Other mitigation measures the Filipinos are good at is shifting to renewable energy sources from fossil fuels, like harnessing more geothermal power. Cebu now gets 70-percent of its electricity from geothermal power. Also, using natural ventilation in place of more expensive air-conditioning units like the passive cooling method adopted by Engr. Nestor Archival in his A House Close to Nature in Barangay Talamban. The College of Architecture and Fine Arts building, USC Talamban Campus, and the Elicon Hotel and Café are other good examples. Natural lighting can be used instead of light bulbs; rainwater harvesting instead of groundwater pumping; groundwater recharge to prevent runoff from impervious surfaces; natural farming instead of fossil-fuel based agriculture like the Natural Farming Project of Fr. Domingo Saladaga of the Laray Parish; productive landscaping instead of landscaping “just for looks”; bio-digestion instead of dumping of human waste onto rivers; and vermiculture instead of dumping biodegradable waste in landfills/dumpsites.

“Filipinos are most likely to survive this century, however, survival skills need to be taught because most Filipinos are not aware of these solutions. Survivability needs organization and discipline,” Green further said.

He laments over the failure of academe so far to strengthen non-fossil fuel-based education. “Creating a survivable future is the solution. However, not even the schools have fully emphasized the need for students to switch from a mentality of GDP to HPI; for a need to help spread the word that a simple thing like white roofs lead to cool homes which are more economical and comfortable.”

Natural farming can also be embraced (Green argues for a 90-percent conversion to microbe-based Natural Farming System agriculture); the building of biogas digesters for all the piggeries of the city to remove piggery waste/odor and use the created methane for alternative fuel; and adopting urban gardens to cut down by 50 percent Cebu’s imported food needs and to reduce costs.

There is also the lack of replication of Barangay Luz’ very successful waste-to-profit project. This is seen to eliminate 60 percent landfills/dumpsites and create fertilizer profits. As for rain harvesting, cisterns are still not taken seriously enough so far.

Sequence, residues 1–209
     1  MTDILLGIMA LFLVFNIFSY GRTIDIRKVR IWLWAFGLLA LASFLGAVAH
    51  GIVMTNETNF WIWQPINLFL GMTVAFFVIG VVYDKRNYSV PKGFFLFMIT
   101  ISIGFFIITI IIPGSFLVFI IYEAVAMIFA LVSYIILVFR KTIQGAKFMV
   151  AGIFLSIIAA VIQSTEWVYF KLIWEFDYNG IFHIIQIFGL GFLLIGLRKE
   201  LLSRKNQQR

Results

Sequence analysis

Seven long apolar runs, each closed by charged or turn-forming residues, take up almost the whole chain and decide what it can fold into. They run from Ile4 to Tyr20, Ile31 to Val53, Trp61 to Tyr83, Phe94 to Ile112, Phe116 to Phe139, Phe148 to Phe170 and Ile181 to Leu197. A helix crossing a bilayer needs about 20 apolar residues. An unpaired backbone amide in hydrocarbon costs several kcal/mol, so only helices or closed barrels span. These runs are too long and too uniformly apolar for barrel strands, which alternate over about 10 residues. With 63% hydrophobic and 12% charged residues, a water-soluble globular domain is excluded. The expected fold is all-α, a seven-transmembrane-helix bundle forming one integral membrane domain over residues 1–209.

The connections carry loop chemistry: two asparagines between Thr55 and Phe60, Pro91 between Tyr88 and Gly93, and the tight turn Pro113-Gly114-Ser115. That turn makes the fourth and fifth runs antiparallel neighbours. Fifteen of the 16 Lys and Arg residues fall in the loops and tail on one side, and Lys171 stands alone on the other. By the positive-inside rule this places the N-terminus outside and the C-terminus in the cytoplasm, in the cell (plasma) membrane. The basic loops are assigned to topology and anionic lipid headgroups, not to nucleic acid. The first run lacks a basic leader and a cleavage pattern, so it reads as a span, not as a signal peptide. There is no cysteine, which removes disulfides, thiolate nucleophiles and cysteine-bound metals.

Green also proposes a Cebu building rebirth with the goal to retrofit 50 percent of building with natural ventilation and natural lighting and other “Green Architecture” ideas; with the country’s blessed location on the Ring of Fire, it could double production of geothermal power; the power of trees to sequester carbon and to cover ten times as much space and cool Filipino cities. Harder but worthy goals of cutting automotive oil use by 50 percent by using natural gas, biofuels and compressed air; the harnessing of wind power more to increase national production tenfold; and enhance charcoal cooking by planting and maintaining huge plantations for fuel are also advocated by Dr. Green. 

After presenting the bad news that despite discussions on sustainability, the world continues to live lifestyles highly dependent on fossil fuels and consumption growing faster than production, Dr. Green posed the following options: We can either exercise our freewill now for a voluntary transition before 2030 away from fossil fuels to renewable energy (at about the same time the global coal production may peak) by getting away from our 90-percent importation of oil and coal (75-percent); or kicking and screaming by 2050 as we can’t anymore afford to purchase the remaining scarce fossil fuels with the rich nations enjoying access to it and the last of growth; or greet 2080 “not with a bang but a whimper” when all the worlds fossil fuels are gone.

Moreover, Green pointed out that the 500th anniversary of Magellan’s arrival in Cebu is 2021. A “world’s fair” on survivability could showcase Cebu’s projects, which could be big enough to impress humanity but “low-tech” enough to be affordable.

“As with the other world expositions, Cebu can use the 10-year run-up to the celebration with a mission to reduce emissions and emphasize the need to start conversion from fossil fuels immediately,” he said.

Dubbed Cebu-WISE 2021 or World Ideas for Survival Expo, it would utilize a structure called the Spirit of Unity Shrine as the focal point to sell the idea to the world. Like Seattle’s Space Needle and Paris’ Eiffel Tower, (structures built during previous world expos) the Shrine would depict Lapu-Lapu’s sword, Magellan’s cross as a symbol of Christianity in the Far East, and the crown of the Sto. Niño. The mountains near Cebu are seen as ideal location for the shrine. When viewed from the side, the sword enters the earth to conform to a passage in the Book of Isaiah: “The sword is beaten into a plowshare.”

“Most Filipinos haven’t realized that they can now lead the planet if they make the effort. You are the ones you’ve been waiting for. Despite the bad news, the good news is that it is not yet the end of the world but maybe the beginning of a deeper awakening,” Green concluded. (FREEMAN)